Homelessness, police and Amazon lead Seattle mayoral debate
SEATTLE – The two Seattle mayoral candidates agreed on Thursday that tackling the ongoing homeless crisis was the main issue facing the largest city in the Northwest, but they differed sharply on how to pay for it. that.
Lorena González and Bruce Harrell also clashed over police funding and the role and responsibility of tech giant Amazon for the problems of the city where its headquarters are located.
González, chairman of the city council and a former civil rights lawyer, said Amazon and other wealthy interests had to pay more taxes.
“I have done the work of my life to stand up and fight for working families,” she said during a debate, adding that she would also hold the police accountable for “the extraordinary abuses of our family. life and our freedom “.
During last year’s protests against the murder of George Floyd by police in Minneapolis, she embraced calls to “define” the police.
It’s a position that Harrell, a former city councilor, has embraced.
“I do not subscribe to the defund account… I want an efficient police service,” he said.
The November municipal election will be closely watched nationally, as Seattle is one of the major cities in the country where the police funding debate is a key issue. Democratic primary voters in the New York mayoral race earlier this year picked a former police officer who opposed calls to “spend the police.”
González has called for a reform of the city’s police service which is under federal supervision after the US Department of Justice uncovered a pattern of excessive force and biased police evidence.
Harrell said González’s calls to cut police funding by 50% would exacerbate the crime problems facing minority and low-income neighborhoods.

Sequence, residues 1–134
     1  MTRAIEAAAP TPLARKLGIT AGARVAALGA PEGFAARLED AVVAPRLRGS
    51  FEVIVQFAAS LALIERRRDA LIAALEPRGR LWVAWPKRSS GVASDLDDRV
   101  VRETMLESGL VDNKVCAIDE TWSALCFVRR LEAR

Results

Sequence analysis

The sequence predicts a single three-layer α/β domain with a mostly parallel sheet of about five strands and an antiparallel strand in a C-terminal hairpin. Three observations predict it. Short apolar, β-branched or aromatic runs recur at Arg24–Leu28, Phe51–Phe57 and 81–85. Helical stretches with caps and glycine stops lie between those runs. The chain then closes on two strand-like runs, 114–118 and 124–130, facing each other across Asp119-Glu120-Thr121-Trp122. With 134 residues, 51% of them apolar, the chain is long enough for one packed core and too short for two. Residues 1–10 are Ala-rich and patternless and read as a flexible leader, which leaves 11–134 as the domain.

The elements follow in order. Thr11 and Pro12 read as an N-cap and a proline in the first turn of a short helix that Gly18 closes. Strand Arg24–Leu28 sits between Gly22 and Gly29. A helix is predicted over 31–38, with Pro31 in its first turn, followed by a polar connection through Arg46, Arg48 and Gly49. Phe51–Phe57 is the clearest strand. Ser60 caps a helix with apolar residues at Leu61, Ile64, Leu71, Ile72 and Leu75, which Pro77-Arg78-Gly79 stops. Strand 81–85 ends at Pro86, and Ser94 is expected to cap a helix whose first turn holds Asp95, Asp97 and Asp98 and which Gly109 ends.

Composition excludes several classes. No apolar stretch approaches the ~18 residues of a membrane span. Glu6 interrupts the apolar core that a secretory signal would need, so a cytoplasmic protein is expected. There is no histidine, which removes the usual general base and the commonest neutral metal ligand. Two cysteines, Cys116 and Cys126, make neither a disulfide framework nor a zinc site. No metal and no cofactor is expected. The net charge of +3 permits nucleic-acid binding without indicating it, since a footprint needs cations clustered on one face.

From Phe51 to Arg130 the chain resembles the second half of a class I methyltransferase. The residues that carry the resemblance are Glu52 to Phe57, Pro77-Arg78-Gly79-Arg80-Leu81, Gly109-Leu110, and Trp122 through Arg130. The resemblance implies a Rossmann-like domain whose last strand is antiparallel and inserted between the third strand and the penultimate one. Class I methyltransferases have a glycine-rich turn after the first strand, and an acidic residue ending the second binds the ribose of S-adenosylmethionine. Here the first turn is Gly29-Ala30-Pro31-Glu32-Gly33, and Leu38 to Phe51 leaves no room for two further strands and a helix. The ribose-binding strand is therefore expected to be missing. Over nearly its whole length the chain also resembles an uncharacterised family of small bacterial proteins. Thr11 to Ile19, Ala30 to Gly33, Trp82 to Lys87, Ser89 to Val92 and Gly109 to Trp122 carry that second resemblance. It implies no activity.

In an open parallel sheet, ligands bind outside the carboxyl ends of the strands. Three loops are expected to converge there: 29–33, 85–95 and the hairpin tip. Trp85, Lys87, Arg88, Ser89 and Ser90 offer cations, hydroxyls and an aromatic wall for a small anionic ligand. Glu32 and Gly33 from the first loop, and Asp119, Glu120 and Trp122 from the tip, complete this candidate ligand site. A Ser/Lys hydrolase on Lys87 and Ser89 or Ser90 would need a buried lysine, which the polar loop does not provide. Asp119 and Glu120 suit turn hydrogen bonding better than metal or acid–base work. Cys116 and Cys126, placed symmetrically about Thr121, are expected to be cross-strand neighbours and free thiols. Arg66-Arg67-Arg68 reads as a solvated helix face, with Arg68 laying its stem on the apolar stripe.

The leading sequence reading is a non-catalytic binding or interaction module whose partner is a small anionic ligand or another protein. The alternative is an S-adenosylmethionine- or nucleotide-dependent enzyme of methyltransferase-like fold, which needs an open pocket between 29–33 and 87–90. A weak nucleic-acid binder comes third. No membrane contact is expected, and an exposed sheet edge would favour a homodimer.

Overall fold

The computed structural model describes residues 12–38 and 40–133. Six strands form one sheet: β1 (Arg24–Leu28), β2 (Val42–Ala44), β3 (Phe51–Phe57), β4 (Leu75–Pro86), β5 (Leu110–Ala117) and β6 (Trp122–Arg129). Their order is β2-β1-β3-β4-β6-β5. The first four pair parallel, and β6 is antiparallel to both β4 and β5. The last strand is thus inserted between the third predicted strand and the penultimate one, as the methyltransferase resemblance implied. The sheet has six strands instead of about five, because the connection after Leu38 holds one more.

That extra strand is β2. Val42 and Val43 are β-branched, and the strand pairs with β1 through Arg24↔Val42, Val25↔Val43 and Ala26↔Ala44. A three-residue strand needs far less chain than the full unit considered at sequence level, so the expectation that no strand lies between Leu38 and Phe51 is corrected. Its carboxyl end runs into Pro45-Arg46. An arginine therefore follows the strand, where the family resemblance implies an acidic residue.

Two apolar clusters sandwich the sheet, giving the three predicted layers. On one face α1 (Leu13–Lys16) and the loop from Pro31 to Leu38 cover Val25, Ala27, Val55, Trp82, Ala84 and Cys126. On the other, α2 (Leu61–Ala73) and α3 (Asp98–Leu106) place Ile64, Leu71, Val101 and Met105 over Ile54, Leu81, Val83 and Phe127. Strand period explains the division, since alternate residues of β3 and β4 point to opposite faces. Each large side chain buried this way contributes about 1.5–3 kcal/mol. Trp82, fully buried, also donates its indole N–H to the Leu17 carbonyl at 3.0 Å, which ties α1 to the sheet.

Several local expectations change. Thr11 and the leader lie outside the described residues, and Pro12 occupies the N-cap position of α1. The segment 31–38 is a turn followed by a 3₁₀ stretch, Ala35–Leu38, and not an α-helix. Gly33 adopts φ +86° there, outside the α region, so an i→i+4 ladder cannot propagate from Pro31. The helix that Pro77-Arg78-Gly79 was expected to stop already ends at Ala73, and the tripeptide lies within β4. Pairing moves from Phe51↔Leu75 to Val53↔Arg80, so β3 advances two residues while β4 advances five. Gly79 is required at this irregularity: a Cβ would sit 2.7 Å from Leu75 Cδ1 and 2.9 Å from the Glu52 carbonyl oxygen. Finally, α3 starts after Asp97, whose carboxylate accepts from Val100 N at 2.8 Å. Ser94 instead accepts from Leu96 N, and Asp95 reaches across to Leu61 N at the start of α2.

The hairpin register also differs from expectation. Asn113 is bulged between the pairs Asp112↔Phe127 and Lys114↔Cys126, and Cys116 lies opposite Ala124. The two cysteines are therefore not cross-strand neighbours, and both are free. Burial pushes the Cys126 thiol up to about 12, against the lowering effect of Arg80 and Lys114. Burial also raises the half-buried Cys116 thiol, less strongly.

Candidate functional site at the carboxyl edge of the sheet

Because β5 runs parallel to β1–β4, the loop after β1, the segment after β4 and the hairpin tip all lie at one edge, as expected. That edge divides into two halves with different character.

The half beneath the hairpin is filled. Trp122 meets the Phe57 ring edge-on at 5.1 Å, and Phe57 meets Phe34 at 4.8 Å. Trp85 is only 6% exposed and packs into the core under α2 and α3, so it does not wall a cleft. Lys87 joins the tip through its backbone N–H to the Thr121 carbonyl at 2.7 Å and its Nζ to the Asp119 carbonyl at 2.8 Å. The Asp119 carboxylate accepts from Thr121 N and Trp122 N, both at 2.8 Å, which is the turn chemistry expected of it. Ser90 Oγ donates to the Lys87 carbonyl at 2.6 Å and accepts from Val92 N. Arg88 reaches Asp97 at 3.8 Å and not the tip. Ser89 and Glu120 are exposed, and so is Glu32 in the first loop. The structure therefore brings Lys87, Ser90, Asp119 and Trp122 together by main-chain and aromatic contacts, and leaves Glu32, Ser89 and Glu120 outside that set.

Harrell also said the current city council has not taken concrete steps to find housing for those sleeping on the city streets and in camps in public parks in Seattle, which is experiencing one of the worst problems. homelessness in the country.
“We are pointing fingers, making excuses,” he said.
Reform of Washington state’s regressive tax code that relies heavily on income tax is essential, Harrell said. He also said he was keen to work with Amazon and other wealthy businesses to help tackle the issue of homelessness and other issues.
González criticized Harrell, a lawyer who has the backing of most of the city’s business community, for being the preferred candidate for financial interests.
“I’m not going to ask the state legislature to fix our revenue issues,” she said. And she said Harrell was backed by people fighting against attempts to get companies to pay more taxes in Seattle and the state.
González has won the support of many unions in the region. His parents were migrant farm workers in central Washington
As chairman of the board, she helped pass a payroll tax to large companies, such as Amazon, to pay for municipal services, as well as worker protections such as a safe working hours law.
Harrell called for hiring more police officers to stem an increase in shootings.
He grew up in the central Seattle area, a neighborhood with red lines; her father was a black transplanted from Jim Crow South, and her mother’s family were Japanese and interned during World War II.
Outgoing mayor Jenny Durkan is not running for re-election. The last three mayors elected by Seattle voters have served no more than one term.
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